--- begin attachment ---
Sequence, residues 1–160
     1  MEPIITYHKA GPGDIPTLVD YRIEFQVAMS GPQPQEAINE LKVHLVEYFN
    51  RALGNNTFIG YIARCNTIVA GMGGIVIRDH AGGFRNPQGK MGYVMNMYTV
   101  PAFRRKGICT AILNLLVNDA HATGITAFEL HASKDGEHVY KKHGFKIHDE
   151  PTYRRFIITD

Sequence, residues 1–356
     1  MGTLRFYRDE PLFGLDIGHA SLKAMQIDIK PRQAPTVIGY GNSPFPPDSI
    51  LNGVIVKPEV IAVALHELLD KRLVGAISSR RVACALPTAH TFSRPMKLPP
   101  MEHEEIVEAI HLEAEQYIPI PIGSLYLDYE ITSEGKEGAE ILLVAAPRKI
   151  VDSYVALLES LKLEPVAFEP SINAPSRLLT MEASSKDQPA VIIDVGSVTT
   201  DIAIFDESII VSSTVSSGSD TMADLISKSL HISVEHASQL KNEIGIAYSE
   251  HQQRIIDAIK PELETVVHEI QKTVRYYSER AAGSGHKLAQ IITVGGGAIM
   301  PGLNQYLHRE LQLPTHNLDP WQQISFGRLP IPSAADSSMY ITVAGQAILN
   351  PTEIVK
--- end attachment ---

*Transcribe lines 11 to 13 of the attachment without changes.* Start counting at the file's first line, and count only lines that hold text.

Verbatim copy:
   201  DIAIFDESII VSSTVSSGSD TMADLISKSL HISVEHASQL KNEIGIAYSE
   251  HQQRIIDAIK PELETVVHEI QKTVRYYSER AAGSGHKLAQ IITVGGGAIM
   301  PGLNQYLHRE LQLPTHNLDP WQQISFGRLP IPSAADSSMY ITVAGQAILN